… to block an impending federal rule that critics say will allow health care providers to deny care, including emergency contraception to rape victims, with no recourse for patients.
The Provider Conscience Rule, one of several controversial regulation changes pushed through federal agencies in the final months of the Bush administration, is scheduled to take effect Tuesday and reinforces protections for health care workers and institutions that refuse to provide services they object to.
The so-called “midnight regulations,” which also include measures that loosen environmental safeguards, add restrictions to the Family and Medical Leave Act and increase the number of hours truckers can drive, can be reversed only through a lengthy rule-making process or blocked by an act of Congress.
In filing the lawsuit, Attorney General Richard Blumenthal is seeking an injunction to stop the Provider Conscience Rule from taking effect. The lawsuit also asks the court to invalidate the regulation.
Blumenthal said the rule would allow health care providers or pharmacists to deny a patient medical care without explanation or offering the patient a referral or information on alternatives, upsetting the balance between health providers’ religious freedom and patients’ rights.
It would also override a 2007 Connecticut law that guarantees that all hospitals in the state provide emergency contraception, commonly known as Plan B, to rape victims. That law has been endorsed by Catholic leaders, who initially opposed it, and has not produced complaints, Blumenthal said.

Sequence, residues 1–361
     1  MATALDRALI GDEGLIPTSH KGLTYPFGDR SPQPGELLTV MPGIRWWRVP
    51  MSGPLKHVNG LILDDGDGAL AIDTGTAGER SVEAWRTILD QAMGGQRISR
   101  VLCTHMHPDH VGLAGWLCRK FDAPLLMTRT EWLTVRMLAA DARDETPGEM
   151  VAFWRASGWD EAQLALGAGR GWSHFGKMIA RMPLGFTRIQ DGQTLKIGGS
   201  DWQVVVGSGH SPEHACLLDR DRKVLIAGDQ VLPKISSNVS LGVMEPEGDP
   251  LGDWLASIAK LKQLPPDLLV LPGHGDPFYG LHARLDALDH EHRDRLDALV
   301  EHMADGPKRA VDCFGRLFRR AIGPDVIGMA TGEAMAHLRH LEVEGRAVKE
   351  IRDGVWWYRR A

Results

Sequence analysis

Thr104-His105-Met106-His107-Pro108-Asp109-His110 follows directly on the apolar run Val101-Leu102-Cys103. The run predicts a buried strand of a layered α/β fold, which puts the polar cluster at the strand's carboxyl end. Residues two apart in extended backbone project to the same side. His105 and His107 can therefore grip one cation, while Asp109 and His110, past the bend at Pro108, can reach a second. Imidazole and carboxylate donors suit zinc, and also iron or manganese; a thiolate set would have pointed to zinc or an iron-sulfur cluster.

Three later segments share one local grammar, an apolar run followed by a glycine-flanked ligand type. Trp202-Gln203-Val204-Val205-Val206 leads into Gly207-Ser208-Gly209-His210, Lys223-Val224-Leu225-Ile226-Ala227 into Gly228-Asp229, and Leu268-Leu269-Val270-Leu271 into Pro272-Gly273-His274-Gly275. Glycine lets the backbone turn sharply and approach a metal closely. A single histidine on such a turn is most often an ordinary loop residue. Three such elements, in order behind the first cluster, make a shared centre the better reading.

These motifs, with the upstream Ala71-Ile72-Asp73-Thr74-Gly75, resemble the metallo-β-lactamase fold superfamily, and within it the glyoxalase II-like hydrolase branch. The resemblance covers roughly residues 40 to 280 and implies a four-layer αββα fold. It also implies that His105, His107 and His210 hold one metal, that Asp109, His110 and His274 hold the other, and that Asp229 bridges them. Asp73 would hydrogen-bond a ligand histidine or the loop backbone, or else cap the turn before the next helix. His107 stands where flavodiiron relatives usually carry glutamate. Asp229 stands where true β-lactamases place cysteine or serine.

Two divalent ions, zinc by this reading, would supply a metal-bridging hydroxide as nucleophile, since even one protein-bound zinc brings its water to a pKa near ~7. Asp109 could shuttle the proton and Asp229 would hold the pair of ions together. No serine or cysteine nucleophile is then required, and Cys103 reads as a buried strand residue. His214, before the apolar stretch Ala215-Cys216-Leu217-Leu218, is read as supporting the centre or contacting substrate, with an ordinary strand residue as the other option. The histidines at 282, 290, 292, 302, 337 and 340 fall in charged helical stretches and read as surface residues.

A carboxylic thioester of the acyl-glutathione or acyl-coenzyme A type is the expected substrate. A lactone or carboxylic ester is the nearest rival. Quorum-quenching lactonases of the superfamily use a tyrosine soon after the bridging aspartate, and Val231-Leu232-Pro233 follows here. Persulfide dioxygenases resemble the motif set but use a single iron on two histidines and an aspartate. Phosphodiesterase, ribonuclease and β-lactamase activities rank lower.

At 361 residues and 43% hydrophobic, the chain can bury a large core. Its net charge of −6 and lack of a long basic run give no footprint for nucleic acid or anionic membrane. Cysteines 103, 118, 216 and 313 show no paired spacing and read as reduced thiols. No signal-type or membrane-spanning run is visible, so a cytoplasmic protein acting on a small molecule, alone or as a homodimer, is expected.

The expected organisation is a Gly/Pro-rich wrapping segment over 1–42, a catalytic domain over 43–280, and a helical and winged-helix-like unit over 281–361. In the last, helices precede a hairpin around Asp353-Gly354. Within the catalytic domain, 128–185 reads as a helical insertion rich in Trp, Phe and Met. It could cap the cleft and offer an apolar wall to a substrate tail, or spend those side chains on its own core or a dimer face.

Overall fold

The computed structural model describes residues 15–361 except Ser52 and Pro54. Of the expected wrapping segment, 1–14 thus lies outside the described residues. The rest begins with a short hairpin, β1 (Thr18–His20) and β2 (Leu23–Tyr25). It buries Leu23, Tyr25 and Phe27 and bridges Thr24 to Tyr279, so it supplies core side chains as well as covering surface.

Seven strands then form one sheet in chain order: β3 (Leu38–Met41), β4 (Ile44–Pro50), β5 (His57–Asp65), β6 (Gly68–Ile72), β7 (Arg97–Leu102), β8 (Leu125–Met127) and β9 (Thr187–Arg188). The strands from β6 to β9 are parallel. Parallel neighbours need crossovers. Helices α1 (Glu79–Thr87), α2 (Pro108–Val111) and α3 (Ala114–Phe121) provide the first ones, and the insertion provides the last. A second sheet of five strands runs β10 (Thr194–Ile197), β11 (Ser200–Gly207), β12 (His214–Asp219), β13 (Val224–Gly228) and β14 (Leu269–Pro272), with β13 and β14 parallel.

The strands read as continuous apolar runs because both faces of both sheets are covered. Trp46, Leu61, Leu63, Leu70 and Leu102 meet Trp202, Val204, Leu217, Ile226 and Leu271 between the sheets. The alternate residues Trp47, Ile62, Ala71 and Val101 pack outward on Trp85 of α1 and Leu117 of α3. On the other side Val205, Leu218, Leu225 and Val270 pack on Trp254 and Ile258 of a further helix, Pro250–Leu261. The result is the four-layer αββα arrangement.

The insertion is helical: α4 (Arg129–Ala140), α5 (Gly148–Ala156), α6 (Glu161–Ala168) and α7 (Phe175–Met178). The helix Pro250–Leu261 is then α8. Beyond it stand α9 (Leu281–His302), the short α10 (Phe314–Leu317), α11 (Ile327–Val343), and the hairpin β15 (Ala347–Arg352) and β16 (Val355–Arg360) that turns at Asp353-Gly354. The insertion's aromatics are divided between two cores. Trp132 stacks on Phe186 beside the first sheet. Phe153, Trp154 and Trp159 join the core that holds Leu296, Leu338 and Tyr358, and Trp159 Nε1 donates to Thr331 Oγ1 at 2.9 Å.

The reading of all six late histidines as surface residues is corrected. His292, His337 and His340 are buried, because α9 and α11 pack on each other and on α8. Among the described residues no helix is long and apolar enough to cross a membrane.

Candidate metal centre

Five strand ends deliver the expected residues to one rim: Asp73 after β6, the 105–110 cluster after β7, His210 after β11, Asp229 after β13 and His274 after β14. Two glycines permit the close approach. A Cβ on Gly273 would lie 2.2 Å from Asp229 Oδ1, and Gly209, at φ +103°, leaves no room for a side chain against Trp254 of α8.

Blumenthal’s lawsuit challenges the regulation on several grounds, charging that it is too vague and overbroad and conflicts with other federal laws and state laws. The Planned Parenthood Federation of America filed a second suit on behalf of its affiliates, while the American Civil Liberties Union filed sued on behalf of the National Family Planning & Reproductive Health Association, which represents many state and county health departments, among other providers.
A more detailed overview of the legal claims Connecticut makes can be found here.
The Washington Post has also reported that the rule would apply to more than 584,000 health care facilities, will cost more than $44 million to implement, and could allow infertility doctors to turn away unmarried couples and lesbian women seeking pregnancy by artificial insemination. Pharmacists could also cite religious beliefs as a reason not to fill birth control prescriptions.
Partially via the ACS blog.